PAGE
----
When the next group of students enroll in the program, he said he would like to aim for 150 as opposed to just 100 and that in a few years, graduating 100 would become a regular occurrence.
He told the graduates to be proud of themselves and that getting there showed the sacrifice they made to fulfill the requirements asked of them. He said that their graduation showed they were focused and committed individuals who can set a goal, pursue it and achieve it. Fitzgerald also told them to look forward to the next corps of young men that will graduate in 2015 who are prepared for a career choice best suited to their interests and strengths which will allow them to be self-sufficient, contributing nation builders.
The education minister also commended the various corporations who had strengthened the program through direct and indirect financial contributions and by making their facilities available for the students to do their internships and receive hands-on training, along with a stipend.
The program is a Ministry partnership with the BTC, the Broadcasting Corporation of The Bahamas, Water and Sewerage Corporation and Bahamas Electricity Corporation. The agencies provide students with internships, hands-on training and stipends during their time in the program.
He also said a debt of gratitude is also owed to the instructors, some who have been with this program for many years. He acknowledged that it was a commitment on their part to teach a full week then devote several afternoons to facilitate this program.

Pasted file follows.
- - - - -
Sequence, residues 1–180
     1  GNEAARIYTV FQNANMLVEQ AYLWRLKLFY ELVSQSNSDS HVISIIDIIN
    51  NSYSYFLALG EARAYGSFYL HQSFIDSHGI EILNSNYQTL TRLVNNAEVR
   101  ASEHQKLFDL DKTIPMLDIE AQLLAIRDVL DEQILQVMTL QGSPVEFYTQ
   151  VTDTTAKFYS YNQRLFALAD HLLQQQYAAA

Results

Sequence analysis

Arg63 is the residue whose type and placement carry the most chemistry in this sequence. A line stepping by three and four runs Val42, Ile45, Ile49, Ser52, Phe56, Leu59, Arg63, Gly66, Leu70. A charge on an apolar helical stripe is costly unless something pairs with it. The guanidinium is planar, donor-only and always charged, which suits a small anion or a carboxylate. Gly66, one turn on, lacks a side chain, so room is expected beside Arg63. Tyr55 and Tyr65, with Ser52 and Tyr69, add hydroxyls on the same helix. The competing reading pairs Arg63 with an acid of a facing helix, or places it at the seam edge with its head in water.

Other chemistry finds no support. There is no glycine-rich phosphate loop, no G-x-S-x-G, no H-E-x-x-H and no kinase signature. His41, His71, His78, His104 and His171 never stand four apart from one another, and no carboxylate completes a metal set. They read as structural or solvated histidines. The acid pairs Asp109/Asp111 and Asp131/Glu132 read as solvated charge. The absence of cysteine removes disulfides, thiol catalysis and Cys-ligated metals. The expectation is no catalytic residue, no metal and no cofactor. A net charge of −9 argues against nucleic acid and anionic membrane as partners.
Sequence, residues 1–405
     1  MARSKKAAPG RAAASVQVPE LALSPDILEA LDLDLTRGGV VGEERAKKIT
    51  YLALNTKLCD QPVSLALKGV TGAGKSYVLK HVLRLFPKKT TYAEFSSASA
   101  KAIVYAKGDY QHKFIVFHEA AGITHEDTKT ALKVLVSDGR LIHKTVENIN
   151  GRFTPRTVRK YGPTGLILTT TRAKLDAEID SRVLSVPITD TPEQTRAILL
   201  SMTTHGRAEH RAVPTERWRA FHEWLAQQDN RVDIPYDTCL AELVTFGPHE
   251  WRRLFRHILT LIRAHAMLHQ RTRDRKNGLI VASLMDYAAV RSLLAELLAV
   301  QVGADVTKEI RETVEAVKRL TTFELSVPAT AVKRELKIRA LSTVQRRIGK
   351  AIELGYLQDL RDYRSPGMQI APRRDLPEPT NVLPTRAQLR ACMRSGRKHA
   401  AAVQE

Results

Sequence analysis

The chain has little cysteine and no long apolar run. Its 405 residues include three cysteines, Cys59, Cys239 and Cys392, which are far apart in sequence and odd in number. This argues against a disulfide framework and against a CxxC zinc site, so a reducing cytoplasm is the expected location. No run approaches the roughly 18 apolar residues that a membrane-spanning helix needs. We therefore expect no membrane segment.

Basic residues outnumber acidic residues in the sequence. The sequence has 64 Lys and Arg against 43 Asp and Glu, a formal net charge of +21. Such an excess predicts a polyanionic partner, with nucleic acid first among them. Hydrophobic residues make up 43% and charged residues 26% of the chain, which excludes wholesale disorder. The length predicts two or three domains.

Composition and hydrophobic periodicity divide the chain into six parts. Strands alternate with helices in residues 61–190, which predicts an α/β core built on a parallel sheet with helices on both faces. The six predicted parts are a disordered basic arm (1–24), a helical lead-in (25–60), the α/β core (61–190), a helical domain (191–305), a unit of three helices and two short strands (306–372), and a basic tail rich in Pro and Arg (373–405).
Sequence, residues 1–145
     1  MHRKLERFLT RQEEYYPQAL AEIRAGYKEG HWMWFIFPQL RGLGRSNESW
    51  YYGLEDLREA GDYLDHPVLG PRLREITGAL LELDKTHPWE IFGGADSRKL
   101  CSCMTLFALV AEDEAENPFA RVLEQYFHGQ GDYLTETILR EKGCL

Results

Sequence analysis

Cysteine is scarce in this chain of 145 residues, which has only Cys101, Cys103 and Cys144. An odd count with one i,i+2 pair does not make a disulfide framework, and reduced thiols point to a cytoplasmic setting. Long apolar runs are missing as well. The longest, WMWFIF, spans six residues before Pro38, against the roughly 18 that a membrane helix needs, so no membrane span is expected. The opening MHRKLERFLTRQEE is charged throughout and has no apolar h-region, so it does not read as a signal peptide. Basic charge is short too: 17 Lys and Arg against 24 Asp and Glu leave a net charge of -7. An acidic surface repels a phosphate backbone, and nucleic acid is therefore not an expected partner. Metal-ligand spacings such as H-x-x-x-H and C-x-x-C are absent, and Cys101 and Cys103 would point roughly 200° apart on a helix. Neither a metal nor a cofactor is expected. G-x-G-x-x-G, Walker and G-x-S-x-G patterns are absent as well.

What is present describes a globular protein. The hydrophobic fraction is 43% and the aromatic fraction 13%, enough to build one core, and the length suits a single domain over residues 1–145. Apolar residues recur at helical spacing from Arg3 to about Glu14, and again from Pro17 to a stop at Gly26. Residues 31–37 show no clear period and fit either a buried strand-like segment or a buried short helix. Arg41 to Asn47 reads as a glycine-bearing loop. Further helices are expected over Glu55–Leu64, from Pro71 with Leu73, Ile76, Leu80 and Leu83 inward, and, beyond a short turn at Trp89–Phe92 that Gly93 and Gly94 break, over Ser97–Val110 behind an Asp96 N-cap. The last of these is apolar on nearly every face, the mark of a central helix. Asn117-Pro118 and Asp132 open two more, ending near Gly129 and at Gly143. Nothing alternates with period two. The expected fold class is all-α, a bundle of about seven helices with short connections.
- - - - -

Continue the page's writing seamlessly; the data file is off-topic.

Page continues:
The Technical Cadet Corps Programme was initiated by Dr. Bernard Nottage 22 years ago. The program caters to students with a grade point average of 2.5 or above Students engaging in this programme must pass a proficiency test to determine their suitability.
Hurricane Irene started its exit from The Bahamas last night, leaving a trail of destruction in its wake.
While New Providence and Grand Bahama were spared the full force of the storm, many Family Islands, particularly the southeastern and central islands, were pummelled, the National Emergency Management Agency (NEMA) reported.
The center of the storm passed over Eleuthera and Abaco for much of yesterday.
Power lines and telecommunications lines went down in some islands as the category three storm roared across the archipelago.
But no loss of life or injuries were reported.
Damage on Cat Island, Rum Cay, Crooked Island, Acklins and Mayaguana is expected to be in the millions of dollars, as hundreds of homes, churches, other buildings and infrastructure were either damaged or destroyed.